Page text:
While a study in New Zealand of 79 lung-cancer patients suggested daily cannabis smokers have a 5.7 times higher risk of lung cancer than non-users, another study of 2252 people in Los Angeles failed to find a correlation between the smoking of cannabis and lung, head or neck cancers. Some studies have also found that moderate cannabis use may protect against head and neck cancers, as well as lung cancer. Some studies have shown that cannabidiol may also be useful in treating breast cancer. These effects have been attributed to the well documented anti-tumoral properties of cannabinoids, specifically tetrahydrocannabinol (THC) and cannabidiol.


Cannabis use has been assessed by several studies to be correlated with the development of anxiety, psychosis, and depression. A 2007 meta-analysis estimated that cannabis use is statistically associated, in a dose-dependent manner, to an increased risk in the development of psychotic disorders, including schizophrenia. No causal mechanism has been proven, however, and the meaning of the correlation and its direction is a subject of debate that has not been resolved in the scientific community. Some studies assess that the causality is more likely to involve a path from cannabis use to psychotic symptoms rather than a path from psychotic symptoms to cannabis use, while other studies assess the opposite direction of the causality, or hold cannabis to only form parts of a "causal constellation", while not inflicting mental health problems that would not have occurred in the absence of the cannabis use.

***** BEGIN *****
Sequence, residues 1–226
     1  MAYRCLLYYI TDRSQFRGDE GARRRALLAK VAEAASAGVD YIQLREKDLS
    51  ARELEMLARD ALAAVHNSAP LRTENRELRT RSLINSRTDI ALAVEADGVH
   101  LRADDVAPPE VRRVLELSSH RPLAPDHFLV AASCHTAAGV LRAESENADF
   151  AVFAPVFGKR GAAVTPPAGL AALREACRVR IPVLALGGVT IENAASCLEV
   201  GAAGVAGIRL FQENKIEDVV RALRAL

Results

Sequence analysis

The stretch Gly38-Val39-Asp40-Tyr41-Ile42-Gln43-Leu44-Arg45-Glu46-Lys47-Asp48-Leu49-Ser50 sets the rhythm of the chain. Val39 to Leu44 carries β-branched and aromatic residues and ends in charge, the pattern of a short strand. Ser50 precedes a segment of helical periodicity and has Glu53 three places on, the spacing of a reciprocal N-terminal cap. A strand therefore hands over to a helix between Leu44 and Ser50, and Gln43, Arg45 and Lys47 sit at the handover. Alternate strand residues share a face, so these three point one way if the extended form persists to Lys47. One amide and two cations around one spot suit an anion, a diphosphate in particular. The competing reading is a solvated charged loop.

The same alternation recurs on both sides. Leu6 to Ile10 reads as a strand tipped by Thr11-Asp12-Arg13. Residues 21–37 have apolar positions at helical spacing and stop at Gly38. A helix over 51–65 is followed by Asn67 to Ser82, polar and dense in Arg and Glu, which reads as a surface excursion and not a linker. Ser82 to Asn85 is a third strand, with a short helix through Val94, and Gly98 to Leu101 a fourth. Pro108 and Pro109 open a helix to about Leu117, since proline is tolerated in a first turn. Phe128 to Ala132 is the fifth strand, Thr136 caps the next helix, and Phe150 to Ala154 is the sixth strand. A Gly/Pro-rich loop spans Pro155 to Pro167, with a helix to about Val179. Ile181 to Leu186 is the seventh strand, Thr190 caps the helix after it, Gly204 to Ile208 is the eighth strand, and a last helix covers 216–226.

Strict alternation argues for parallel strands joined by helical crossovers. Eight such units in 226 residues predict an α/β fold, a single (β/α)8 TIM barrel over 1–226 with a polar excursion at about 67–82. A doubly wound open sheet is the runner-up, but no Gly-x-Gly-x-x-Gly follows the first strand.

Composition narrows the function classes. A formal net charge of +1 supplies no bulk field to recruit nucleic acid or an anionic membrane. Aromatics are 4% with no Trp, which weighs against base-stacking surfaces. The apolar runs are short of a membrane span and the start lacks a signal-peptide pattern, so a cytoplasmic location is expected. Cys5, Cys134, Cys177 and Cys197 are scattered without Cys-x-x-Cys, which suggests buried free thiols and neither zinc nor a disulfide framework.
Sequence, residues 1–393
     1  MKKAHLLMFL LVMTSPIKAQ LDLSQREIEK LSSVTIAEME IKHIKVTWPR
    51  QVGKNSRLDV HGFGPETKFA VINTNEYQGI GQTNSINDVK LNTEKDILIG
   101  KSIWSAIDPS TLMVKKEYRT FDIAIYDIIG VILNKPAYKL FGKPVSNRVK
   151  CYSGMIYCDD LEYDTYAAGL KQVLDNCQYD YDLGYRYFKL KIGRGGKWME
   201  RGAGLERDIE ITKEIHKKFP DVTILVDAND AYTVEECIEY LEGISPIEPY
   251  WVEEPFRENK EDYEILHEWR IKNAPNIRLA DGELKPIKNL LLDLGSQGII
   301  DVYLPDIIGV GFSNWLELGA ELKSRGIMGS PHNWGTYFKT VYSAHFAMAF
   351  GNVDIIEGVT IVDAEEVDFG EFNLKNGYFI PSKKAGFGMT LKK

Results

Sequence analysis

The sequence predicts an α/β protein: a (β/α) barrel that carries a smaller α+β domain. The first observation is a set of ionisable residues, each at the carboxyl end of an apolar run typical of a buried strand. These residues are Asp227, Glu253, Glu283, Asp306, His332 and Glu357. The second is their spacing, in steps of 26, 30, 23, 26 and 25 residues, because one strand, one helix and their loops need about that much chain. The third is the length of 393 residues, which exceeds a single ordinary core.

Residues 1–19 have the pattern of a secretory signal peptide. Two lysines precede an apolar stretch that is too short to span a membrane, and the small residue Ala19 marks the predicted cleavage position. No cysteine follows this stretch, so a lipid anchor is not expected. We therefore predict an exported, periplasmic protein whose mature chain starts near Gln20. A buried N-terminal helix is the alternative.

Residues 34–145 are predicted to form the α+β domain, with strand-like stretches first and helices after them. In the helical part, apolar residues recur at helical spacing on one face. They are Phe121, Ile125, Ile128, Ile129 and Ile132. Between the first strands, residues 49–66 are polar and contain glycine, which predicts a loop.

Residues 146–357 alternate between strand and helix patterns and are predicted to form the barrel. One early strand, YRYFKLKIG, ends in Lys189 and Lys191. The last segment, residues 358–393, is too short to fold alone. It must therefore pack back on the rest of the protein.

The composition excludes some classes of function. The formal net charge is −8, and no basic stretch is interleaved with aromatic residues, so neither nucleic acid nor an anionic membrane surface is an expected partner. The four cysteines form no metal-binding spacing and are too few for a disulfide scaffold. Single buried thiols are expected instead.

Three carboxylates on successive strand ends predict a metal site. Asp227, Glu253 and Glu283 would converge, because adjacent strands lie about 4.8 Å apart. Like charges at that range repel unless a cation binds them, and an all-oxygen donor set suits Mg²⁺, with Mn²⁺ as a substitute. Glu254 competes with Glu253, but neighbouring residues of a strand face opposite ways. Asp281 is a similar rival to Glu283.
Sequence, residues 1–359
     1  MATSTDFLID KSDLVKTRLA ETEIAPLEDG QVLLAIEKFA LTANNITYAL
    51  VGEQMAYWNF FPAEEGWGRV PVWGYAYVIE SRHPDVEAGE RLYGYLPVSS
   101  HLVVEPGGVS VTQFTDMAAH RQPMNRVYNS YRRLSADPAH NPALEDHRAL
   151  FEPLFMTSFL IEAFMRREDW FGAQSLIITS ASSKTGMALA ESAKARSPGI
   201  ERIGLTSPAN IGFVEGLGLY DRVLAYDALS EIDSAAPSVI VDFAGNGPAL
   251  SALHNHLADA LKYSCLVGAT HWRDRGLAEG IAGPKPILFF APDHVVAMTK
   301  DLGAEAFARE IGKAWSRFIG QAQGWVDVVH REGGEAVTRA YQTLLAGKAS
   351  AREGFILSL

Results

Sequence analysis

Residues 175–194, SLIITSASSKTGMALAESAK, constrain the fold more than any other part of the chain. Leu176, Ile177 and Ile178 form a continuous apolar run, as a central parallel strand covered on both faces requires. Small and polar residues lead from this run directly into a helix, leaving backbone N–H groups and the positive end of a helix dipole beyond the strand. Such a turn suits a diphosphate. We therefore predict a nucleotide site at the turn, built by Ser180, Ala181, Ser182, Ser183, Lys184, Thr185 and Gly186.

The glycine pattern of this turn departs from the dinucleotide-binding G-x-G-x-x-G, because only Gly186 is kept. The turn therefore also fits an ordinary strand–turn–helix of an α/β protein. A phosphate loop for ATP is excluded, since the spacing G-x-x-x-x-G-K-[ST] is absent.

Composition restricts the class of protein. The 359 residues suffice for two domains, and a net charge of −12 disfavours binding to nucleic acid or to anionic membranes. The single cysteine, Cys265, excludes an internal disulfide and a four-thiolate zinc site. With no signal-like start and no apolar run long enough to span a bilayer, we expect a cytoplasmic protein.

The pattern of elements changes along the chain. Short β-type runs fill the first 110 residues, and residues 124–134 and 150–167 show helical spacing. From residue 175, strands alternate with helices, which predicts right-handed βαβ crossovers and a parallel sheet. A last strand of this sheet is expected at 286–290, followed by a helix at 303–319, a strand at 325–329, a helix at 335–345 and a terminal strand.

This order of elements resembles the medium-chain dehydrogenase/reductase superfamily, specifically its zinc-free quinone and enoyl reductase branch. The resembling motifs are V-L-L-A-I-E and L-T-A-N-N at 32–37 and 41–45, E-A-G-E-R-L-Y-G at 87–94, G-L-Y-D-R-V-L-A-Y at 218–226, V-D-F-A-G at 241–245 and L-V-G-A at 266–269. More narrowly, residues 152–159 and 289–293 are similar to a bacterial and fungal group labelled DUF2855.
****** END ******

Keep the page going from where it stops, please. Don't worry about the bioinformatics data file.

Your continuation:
Though cannabis use has at times been associated with stroke, there is no firmly established link, and potential mechanisms are unknown. Similarly, there is no established relationship between cannabis use and heart disease, including exacerbation of cases of existing heart disease. Though some fMRI studies have shown changes in neurological function in long term heavy cannabis users, no long term behavioral effects after abstinence have been linked to these changes.


Gateway drug theory


Some claim that trying cannabis increases the probability that users will eventually use "harder" drugs. This hypothesis has been one of the central pillars of anti-cannabis drug policy in the United States, though the validity and implications of these hypotheses are highly debated. Studies have shown that tobacco smoking is a better predictor of concurrent illicit hard drug use than smoking cannabis.

No widely accepted study has ever demonstrated a cause-and-effect relationship between the use of cannabis and the later use of harder drugs like heroin and cocaine. However, the prevalence of tobacco cigarette advertising and the practice of mixing tobacco and cannabis together in a single large joint, common in Europe, are believed to be cofactors in promoting nicotine dependency among young persons investigating cannabis.


A 2005 comprehensive review of the literature on the cannabis gateway hypothesis found that pre-existing traits may predispose users to addiction in general, the availability of multiple drugs in a given setting confounds predictive patterns in their usage, and drug sub-cultures are more influential than cannabis itself. The study called for further research on "social context, individual characteristics, and drug effects" to discover the actual relationships between cannabis and the use of other drugs.